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From "Carsten Ziegeler" <cziege...@s-und-n.de>
Subject RE: Continue Development of 2.1.x
Date Sun, 18 Apr 2004 17:31:59 GMT
Ralph Goers wrote: 
> 
> 1. I don't understand why you need separate repositories.  
> Why are CVS branches not good enough?  
Yes, we discussed this some time ago and there were many reasons
that a new repository is better and that it makes migration
to subversion easier (at least I think this was one reason,
I might be wrong). Anyways, from the maintenance POV, it's
not really different if you have to maintain three branches
or three repositories without branches.

> On an unrelated topic, 
> I would suggest looking at subversion. I had to use if to 
> grab something from the incubator and its pretty cool. Plus 
> it easily went through my companies firewall as it is http based.
Yes, and some ASF projects have already moved/are moving to
subversion. Sooner or later all projects will move; but even
if we would use subversion I think there is no difference as
you still have to maintain the three different versions.
If anyone wants to discuss the use of subversion for Cocoon,
please don't do it in this thread and start a new one (This is
not targetted at you, Ralph.)

> 
> 2. Yes, we have to compile now. But that doesn't eliminate 
> the binary compatibility issues, it just reduces them.  In 
> fact, I was using the APIs you want to eliminate up until a 
> few months ago when you posted the "proper"
> way to get what I wanted.  The bottom line here is that once 
> an API is public you cannot know that it isn't being called 
> by a user, unless it has requirements that just can't be met 
> in a "user component" (whatever that is).
Yes, unfortunately this is true. Now, we try to document that
a user is using "not supported" API in the Java code, so it's
the risk of the user to use it :) But as always, it might not
be documented very well in all places.

> 
> 3. The issues you raise regarding not being able to maintain 
> binary compatibility are one of my greatest concerns with 
> using Cocoon and open source in general. 
Oh, this is not only a concern of Cocoon or Open Source in 
general. If you are using commercial frameworks, they sometimes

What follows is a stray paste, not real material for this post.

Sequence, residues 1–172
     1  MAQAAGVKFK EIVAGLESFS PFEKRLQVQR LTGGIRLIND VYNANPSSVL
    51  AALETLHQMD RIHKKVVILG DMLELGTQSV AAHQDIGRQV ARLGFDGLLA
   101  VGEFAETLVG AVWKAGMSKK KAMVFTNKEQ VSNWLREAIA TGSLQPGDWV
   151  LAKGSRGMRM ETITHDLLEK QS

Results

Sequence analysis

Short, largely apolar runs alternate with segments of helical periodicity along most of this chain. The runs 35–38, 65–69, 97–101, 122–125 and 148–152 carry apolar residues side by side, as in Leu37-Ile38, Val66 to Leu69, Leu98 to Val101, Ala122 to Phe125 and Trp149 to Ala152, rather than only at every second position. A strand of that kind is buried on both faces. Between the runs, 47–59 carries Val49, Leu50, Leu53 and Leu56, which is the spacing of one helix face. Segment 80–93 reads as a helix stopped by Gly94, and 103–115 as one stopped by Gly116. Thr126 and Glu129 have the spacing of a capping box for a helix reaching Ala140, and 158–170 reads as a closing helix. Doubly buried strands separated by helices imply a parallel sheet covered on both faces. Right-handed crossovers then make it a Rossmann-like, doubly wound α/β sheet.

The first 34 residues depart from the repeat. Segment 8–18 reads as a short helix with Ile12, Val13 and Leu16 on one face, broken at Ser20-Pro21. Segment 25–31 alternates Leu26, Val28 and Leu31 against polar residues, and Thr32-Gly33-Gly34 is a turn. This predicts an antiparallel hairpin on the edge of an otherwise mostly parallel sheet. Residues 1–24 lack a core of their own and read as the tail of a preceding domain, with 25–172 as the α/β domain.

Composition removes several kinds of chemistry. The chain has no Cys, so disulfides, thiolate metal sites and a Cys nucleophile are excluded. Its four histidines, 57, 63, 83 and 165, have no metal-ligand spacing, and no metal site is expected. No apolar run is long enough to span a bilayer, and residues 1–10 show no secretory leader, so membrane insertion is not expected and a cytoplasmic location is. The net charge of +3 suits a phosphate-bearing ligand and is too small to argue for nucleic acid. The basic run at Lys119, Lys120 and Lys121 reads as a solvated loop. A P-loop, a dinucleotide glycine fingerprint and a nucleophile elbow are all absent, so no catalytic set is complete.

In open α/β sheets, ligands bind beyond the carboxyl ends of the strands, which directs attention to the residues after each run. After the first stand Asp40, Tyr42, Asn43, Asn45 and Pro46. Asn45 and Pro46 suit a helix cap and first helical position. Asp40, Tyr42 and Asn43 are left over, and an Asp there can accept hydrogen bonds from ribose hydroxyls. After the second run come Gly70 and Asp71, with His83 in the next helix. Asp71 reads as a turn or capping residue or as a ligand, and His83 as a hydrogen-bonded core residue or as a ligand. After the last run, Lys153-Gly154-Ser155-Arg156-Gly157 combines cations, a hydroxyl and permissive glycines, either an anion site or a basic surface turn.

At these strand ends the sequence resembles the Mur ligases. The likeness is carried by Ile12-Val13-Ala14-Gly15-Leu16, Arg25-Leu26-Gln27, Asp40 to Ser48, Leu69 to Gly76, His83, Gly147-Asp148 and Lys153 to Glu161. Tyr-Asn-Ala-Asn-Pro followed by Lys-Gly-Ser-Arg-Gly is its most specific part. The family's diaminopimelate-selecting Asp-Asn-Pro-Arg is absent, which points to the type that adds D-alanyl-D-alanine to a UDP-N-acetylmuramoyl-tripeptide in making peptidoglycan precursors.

change even due to a bug fix and "No, I'm not refering to MS
here", this happened even with Apple (or more precisly with Next).

> Once a formal 
> release is made the project should be rather draconian in its 
> view of dependencies - they shouldn't be updated unless they 
> ONLY contain bug fixes. IMO product stability should be the 
> number one goal of point releases (i.e. 2.1.x), and it should 
> improve with each one.
Yes, I absolutely agree here in general...but :) I think it's ok
to change the private API and in rare cases it's ok to change
public API that does only affect very few users if any. But the later
one of course only if it's well documented and there is a
new way of doing the old things.

> 
> However, I am not a Cocoon committer, so it really isn't up 
> to me to say how the respository is organized.  
But you belong to the Cocoon community and we really value everyone's
opinion. It doesn't mean that a committer is always right. So,
please keep on posting your comments and suggestions. Really
appreciated.

> But as a user 
> of Cocoon I care greatly about how I am going to be able to 
> maintain it after my system goes live.  I'd prefer not to 
> have to freeze it at a particular point release and perform 
> hand patches after that.
> 
Yes, I totally understand that and as I said, in general I agree
but the changes I mentioned should really be harmless. 
Remember, that most of us committers are users, too. 
E.g. we (s&n, my employer :) ) are using Cocoon in many projects
ranging from small to very big installations and we don't want
to change our applications just because we are upgrading from
let's say 2.1.4 to 2.1.5.

So, in the end, I think, yes, all 2.1.x versions should in general be 
compatible but there should be (as always) exceptions to this
rule.

Carsten


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